Read this look at how Clubhouse’s blocking system is problematic


Anyone who has spent more than five minutes on social media can tell you that most platforms have a lot of trolls, reply people, and other people who might just be unpleasant to interact with. On major platforms such as Twitter, Faecbook, and Instagram, the option to block another user lets you keep someone out of your feed. Blocking is far from a perfect solution, but at least it gives users a way to keep using the platforms and avoid (some) annoying interactions.

But like Will Oremus prescribes The Atlantic Ocean, the year-old audio chat platform Clubhouse has a different blocking mechanism, one that affects more than just the blocker and the blockee (I know, but what would you call it?):

When you block someone in Clubhouse, it doesn’t just affect communication between the two of you, like on Facebook or Twitter. Rather, it limits the way that person can communicate with others as well. Once blocked, they cannot enter or even see any of the rooms you create or speak in – effectively blocking them from everyone else in that room. If you are brought ‘on stage’ from the audience to speak, someone else in the audience that you’ve blocked will be kept off stage as long as you’re up there. And if you are a moderator of a room, you can block a speaker and start them up in real time from the conversation, even if they are in the middle of a sentence.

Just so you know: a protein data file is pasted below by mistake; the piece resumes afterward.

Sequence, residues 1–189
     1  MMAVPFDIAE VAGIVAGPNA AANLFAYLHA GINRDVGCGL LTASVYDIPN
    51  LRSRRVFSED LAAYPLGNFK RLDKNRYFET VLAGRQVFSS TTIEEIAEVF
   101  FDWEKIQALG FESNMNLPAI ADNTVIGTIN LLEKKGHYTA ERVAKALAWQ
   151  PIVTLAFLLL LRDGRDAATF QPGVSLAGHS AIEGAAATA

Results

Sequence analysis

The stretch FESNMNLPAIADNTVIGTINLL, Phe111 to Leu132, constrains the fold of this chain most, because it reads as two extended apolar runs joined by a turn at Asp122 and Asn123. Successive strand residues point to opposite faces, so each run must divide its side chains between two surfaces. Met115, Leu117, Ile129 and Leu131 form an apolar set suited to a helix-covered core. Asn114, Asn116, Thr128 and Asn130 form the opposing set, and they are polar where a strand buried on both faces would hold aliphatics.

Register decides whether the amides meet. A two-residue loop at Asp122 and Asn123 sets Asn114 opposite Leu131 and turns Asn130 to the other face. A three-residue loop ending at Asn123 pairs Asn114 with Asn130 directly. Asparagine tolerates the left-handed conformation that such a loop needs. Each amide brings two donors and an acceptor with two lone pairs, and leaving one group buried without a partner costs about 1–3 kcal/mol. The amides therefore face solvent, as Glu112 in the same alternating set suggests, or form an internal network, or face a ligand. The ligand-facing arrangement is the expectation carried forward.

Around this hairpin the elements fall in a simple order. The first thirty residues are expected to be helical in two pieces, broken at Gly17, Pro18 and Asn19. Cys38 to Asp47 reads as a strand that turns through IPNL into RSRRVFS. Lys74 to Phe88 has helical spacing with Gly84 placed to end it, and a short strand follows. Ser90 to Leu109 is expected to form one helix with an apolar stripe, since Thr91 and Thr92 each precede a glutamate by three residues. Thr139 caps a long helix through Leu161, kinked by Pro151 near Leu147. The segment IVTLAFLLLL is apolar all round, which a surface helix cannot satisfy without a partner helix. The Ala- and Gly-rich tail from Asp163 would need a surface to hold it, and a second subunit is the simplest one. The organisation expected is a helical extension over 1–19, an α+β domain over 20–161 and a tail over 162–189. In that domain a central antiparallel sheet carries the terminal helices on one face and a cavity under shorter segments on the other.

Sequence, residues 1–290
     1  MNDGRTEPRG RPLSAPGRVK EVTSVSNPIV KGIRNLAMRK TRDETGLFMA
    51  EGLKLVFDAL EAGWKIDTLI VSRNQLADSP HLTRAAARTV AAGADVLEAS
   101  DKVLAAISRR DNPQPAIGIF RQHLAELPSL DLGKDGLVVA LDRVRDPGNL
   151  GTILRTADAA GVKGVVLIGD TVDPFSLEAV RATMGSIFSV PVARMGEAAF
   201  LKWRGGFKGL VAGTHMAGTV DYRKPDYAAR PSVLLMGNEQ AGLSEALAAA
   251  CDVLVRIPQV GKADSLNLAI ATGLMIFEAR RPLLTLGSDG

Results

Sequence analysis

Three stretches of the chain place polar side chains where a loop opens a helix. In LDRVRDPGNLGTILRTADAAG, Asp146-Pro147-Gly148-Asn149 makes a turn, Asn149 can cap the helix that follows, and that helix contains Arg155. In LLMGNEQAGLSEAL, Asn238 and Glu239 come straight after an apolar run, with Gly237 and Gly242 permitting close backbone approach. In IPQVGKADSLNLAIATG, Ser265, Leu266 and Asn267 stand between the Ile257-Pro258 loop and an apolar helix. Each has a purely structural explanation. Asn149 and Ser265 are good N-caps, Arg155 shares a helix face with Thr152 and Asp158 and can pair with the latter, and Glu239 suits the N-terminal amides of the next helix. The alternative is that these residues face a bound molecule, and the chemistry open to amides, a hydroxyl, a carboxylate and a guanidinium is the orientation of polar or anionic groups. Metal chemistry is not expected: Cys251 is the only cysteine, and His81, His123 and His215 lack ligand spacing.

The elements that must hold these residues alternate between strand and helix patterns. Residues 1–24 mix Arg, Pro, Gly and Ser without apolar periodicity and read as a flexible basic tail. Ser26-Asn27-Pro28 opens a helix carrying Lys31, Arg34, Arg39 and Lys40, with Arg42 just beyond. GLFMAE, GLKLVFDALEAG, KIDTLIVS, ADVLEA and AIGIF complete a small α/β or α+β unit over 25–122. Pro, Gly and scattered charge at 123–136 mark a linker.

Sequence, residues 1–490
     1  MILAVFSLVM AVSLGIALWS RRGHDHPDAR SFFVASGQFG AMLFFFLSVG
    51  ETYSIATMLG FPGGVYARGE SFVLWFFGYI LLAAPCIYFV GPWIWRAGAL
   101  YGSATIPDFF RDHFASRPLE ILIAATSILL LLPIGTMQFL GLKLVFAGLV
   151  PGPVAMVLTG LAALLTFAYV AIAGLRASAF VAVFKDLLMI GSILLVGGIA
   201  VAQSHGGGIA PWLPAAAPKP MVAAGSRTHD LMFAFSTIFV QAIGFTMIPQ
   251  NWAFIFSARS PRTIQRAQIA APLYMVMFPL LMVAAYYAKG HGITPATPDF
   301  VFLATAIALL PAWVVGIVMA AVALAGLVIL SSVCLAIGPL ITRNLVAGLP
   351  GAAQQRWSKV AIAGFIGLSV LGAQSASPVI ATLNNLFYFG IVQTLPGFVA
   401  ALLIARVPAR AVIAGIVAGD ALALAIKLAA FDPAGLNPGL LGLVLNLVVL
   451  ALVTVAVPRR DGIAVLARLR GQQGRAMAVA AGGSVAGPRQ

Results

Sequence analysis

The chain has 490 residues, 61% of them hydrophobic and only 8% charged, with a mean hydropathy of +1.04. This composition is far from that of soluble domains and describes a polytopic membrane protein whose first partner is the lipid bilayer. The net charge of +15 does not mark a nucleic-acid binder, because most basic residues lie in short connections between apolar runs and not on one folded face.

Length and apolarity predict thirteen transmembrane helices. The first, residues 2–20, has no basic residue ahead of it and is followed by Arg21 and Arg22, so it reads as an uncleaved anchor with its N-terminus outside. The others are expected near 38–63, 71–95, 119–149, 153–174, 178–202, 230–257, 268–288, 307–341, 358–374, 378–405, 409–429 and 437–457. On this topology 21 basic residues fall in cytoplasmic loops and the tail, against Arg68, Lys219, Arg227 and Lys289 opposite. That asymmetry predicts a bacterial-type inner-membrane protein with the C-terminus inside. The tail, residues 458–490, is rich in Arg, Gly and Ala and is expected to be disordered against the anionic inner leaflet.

So essentially a “black badge” on Clubhouse can limit who speaks where and when on the platform. As Oremus points out, blocking another person in Clubhouse is a social act that affects multiple interactions. And members of under-represented groups said blocking at Clubhouse could be “armed” to suppress certain views or restrict conversations:

One, a black woman in her 20s who is studying medicine, said she has been denied access to rooms where vaccination is discussed in black communities because an influential anti-vaxxer visiting those rooms blocked her. She also found herself abruptly excluded from a weekly newspaper WandaVision watch-party club that had become her favorite experience on the app, apparently because a member blocked her.

The buzz around Clubhouse – which drew 10 million users in its first year – does began to hiss a little; it only recently released a version for Android devices and new users can only join if invited by a current user. Add to that the rising popularity and superior accessibility of Twitter’s audio chat platform Spaces, and it looks like Clubhouse has a bumpy ride ahead. Read this analysis why the unusual blocking system can ultimately contribute to the deterioration of the platform.